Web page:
Mar 17, 2015, 07:24AM

A Bittersweet Trait

The fantasy never tastes as good as the reality.

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Gloves off. David, my ex-boyfriend of almost six years, took our break-up to tell me something about my personality I never realized until he said it.

Long story short: we broke up because I got a job in London. We called it quits before I even left the country or had my visa. There were other issues, as there always are, but mostly he worked as a creative in the movie industry in New York and it just wasn’t feasible for him to pick up and move to London.

But it’s what he said when we broke up that still sticks with me. He told me I was never happy and that I didn’t know what I wanted in life because I was always looking for something else, something “better,” instead of appreciating what I have right in front of me. This was the probably the worst thing anyone could ever say because I always complained about how in New York people are forever looking for a better job or apartment, better or richer friends, better professional contacts, a better boy or girlfriend, more money. Here was my boyfriend telling me that I was exactly the thing I hated the most about New York.

After the break-up I was pretty bummed for nearly a year, and during that time I thought hard about what he told me. He was right. Well, partially. I don’t think I’m always looking to “trade up,” and I think the people most likely to “trade up” are probably a bit greedy. But I do tend to think more about the future than what’s happening right in front of my eyes, meaning I sometimes neglect the things I have right now for a fantasy of what could be. It’s not a great personality trait, but I think a lot of people are this way, especially ambitious people.

The fantasy never tastes as good as the reality.

I think my obsession with the future has a lot to do with the line of work I’m in—it has to. Most of my employment has had expiration dates. A two-year post-doc here, a three-month fellowship there. Since I don’t work a nine-five or have a job I can completely forget about when I leave until the next morning, in a lot of ways I have to be my own advocate. This means I’m always on the lookout for the next story to tell, the next artist to write about or interview, the next book project I’m going to work on, the next fellowship application I have to write or the next job I have to apply to because the one I’m in is going to expire.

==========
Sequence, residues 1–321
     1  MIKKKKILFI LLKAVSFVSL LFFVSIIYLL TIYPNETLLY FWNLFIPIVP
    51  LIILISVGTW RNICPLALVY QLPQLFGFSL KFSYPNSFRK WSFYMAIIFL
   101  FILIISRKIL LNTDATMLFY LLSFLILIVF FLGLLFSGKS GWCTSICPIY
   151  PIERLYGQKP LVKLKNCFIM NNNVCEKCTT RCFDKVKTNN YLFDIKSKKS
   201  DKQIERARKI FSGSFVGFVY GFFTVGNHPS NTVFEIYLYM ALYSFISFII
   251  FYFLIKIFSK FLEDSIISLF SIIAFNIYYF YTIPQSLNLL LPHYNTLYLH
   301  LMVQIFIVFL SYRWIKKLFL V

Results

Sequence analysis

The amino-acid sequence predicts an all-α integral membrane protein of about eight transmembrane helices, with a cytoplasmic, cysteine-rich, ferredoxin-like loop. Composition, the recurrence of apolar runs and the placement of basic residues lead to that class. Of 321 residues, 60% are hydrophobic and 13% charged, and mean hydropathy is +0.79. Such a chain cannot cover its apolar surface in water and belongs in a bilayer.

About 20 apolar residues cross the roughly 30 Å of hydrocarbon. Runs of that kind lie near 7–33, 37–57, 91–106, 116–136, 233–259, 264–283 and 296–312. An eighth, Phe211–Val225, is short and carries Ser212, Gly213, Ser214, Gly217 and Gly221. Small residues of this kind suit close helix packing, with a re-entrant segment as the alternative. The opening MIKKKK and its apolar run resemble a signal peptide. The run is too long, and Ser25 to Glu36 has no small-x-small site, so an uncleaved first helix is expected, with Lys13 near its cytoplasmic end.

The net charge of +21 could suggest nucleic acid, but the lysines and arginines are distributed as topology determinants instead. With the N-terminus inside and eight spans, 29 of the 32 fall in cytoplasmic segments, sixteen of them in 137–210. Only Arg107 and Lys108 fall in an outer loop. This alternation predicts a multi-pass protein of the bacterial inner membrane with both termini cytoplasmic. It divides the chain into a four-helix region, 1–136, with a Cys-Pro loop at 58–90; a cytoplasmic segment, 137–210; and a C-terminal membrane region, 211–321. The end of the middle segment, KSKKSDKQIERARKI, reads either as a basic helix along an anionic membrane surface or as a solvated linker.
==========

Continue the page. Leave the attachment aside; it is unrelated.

That sense of living in the future or time-sensitiveness is one feature of precarious labor, and it’s something most creatives, academics and artists deal with every day. It’s about having lots of social and creative capital but no economic or financial capital. We’re all ideas but no money. In order to get the money you need to survive you’ve got to think six months or a year in advance about what you’re going to do in six months and why you need this time-sensitive fellowship to do it.

I’m lucky now in the sense that I know I’m going to be in London until 2018 at the least, and I hope a lot longer than that. But one thing I’ve learned over the last year is how important it is to take a step back from the pressures of everyday life, to think about where you are, how you got there, and enjoy.

My friend Lisa recently told me how unhappy she was in New York. She always wanted to live in the City but now that she’s there she feels her career is going nowhere, maybe she should just go back home to that small town in California. It’s an honest sentiment. But I asked her what would be different about going back home to her small town? What would she actually be doing there?

Lisa applied for jobs back home and landed an interview at a big firm in San Francisco, not far where she grew up in. She was so excited. The company flew her out to the West Coast, put her up in a fabulous hotel, wined and dined her—the whole thing. But I talked to her after her interview and she told me she felt kind of “meh” about San Francisco, that her home city didn’t excite her anymore.

“I hope I don’t get the job,” she said. I didn’t understand. “If I get it then I’ll have to take it.”

“I thought you wanted to leave New York?”

“It took me going all the way out there and almost getting a job back home for me to realize that actually I want to be right here, right where I am,” she said. Lisa didn’t get the job in the end, but now she’s taking advantage of being in New York and trying even harder to get her acting career off the ground.

If you want to be happy you can’t always think about the future or what could be, even though that’s what culture programs us to do. You might not even make it to the future anyway. Learn to appreciate what you have, not what you’re missing.

Desire can never be completely satiated. That’s the whole point. You get something you’ve wanted for so long but soon after you don’t want it anymore. You cast it aside because now you want something else, and the cycle continues.

—Follow Madison Moore on Twitter: @pomomad


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